Masks will be optional in all administrative, sports, event and communal areas of the university from March 7. This includes the Albertsons Library, Recreation Center, Student Union Building (SUB), residence halls, and other buildings on campus.
However, masks will still be required in teaching spaces, research labs, academic health and counseling services, COVID testing center, vaccination clinic and isolation room, children’s center, any area where food is prepared and on campus public transportation.
This means that students will still be required to wear masks during classes, teaching labs, and any other space where teaching takes place.
Additionally, some events or indoor programs may still require masking depending on the requirements of the event sponsor.
If conditions continue to improve after March 7, university officials expect to lift the mask requirement in teaching spaces before the end of March.
In an email to faculty and staff on February 28, Vice President of University Affairs and Chief of Staff Alicia Estey said:
“I am happy to share that, thanks to your diligence and concern for others, our campus COVID positivity rate and case count has been steadily declining since mid-January. Last week our positivity rate was 0% and only 7 new cases were reported by people who tested off campus. This trend signifies a significantly reduced presence of COVID within our university community.
For those who still wish to mask up on campus, the university currently has a large number of KN95s available for free which can be picked up outside the Immunization Clinic, at Human Resources, or at the SUB Information Desk. .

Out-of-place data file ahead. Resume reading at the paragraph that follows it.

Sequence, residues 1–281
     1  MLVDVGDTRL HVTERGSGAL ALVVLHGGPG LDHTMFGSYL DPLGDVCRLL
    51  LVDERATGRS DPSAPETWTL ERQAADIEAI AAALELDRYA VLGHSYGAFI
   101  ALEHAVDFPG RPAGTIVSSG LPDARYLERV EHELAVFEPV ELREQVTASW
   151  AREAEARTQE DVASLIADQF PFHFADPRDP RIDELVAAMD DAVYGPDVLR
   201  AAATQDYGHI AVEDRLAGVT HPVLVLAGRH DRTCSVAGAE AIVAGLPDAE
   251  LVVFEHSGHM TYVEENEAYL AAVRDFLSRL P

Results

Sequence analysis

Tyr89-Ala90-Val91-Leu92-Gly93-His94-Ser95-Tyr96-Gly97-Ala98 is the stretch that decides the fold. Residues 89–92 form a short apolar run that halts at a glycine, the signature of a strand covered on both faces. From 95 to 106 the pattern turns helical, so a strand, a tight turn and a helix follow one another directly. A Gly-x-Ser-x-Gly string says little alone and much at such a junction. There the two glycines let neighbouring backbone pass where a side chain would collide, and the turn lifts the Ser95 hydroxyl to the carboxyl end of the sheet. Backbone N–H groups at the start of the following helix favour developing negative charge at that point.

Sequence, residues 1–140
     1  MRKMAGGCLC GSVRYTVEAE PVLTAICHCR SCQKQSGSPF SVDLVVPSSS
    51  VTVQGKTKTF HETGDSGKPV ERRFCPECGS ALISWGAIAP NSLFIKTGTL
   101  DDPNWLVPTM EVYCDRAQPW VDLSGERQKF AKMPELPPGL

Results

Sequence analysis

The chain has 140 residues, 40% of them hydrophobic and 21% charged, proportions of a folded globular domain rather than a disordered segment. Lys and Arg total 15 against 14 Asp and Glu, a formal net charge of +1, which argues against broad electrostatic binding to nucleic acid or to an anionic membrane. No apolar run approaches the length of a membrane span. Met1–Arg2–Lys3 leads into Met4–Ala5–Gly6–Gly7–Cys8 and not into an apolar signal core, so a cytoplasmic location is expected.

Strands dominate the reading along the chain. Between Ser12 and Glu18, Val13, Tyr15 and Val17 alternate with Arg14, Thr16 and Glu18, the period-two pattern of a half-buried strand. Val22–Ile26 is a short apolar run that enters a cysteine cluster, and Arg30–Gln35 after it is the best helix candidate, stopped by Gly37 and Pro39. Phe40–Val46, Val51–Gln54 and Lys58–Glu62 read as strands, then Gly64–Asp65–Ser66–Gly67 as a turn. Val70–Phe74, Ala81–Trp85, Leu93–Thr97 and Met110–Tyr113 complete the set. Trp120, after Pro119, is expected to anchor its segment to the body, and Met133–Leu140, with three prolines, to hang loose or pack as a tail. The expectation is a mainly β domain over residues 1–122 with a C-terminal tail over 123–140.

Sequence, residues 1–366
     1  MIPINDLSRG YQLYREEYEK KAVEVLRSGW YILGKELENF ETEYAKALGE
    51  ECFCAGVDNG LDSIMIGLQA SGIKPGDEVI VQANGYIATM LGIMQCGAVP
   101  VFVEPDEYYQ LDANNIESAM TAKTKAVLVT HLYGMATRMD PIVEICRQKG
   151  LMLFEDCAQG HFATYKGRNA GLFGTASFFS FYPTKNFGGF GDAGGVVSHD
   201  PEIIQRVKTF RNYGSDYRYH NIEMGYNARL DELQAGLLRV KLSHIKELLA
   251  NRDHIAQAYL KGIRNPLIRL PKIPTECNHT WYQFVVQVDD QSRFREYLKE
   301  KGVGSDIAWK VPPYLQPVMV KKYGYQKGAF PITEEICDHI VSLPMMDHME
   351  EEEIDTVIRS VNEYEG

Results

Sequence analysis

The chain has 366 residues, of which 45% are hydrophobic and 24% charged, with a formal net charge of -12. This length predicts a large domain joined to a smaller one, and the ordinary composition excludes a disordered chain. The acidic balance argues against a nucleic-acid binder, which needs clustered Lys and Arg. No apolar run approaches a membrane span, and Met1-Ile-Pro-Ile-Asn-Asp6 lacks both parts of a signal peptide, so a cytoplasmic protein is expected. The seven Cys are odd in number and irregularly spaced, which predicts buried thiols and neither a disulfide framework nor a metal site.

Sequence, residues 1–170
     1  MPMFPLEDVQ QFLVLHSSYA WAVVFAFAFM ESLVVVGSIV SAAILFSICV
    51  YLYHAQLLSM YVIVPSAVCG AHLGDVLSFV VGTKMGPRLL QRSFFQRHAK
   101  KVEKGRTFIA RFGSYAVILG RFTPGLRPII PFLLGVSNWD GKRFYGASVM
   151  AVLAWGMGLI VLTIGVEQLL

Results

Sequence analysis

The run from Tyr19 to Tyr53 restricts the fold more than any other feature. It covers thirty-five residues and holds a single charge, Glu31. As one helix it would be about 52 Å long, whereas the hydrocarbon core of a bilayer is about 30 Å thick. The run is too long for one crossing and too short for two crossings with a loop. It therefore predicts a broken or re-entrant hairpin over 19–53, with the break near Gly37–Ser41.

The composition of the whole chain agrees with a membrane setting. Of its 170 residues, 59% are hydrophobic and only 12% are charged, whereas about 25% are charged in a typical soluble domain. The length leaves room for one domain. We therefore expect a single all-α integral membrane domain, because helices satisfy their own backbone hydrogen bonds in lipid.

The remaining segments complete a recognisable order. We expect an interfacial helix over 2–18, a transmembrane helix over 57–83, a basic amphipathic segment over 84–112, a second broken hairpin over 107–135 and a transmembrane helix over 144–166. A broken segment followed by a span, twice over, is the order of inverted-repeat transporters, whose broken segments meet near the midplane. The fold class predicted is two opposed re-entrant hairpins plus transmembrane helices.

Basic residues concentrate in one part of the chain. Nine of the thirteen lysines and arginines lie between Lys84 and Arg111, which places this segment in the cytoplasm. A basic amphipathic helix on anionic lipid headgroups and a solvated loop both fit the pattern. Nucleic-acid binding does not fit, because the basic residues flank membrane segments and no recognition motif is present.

“We recognize that many people have strong opinions about masking. Those who feel more comfortable wearing a mask in spaces where it is not required should do so, as should those who choose not to do so when it is not necessary. We expect all members of our campus community to respect the choices of others,” Estey wrote.
Early this semester, Boise State hit an all-time weekly high for COVID cases and positivity rate amid the omicron surge. Shortly after, campus COVID numbers set a new all-time high with 371 new cases reported in one week.
On January 31, Governor Little activated the Idaho National Guard in response to rising COVID numbers across the state. The Idaho Department of Health and Wellness (IDHW) has also crisis care standards activated in some health districts.
Since then, the state of Boise has seen a steady decline in the number of cases, with about 270 cases for the entire month of February, according to the university COVID tracking dashboard.
Ada County as a whole has seen a similar trend and subsequent decline, reaching a weekly high of 5,803 cases in mid-January to 324 cases for the week of February 20.
However, on Friday, February 25, the Centers for Disease Control and Prevention (CDC) updated its prevention guidelines based on community case levels.
Ada County is currently categorized as “high”with the following recommendations:
- Wear a mask indoors in public
- Stay up to date with COVID-19 vaccines
- Get tested if you have symptoms
- Additional precautions may be needed for people at high risk of severe illness
Boise State Public Health will continue to provide testing, contact tracing, and actively monitor other COVID indicators, like sewage viral loads, “in hopes of further reducing the mask requirement.” as quickly as conditions permit,” according to Estey.
All members of the campus community who have concerns about catering should contact Human ressources (employees) or Public Health (students).
Public Health will update Boise State COVID Response Site in the coming weeks to reflect changing conditions. Questions or concerns related to the university’s COVID response can be directed to [email protected]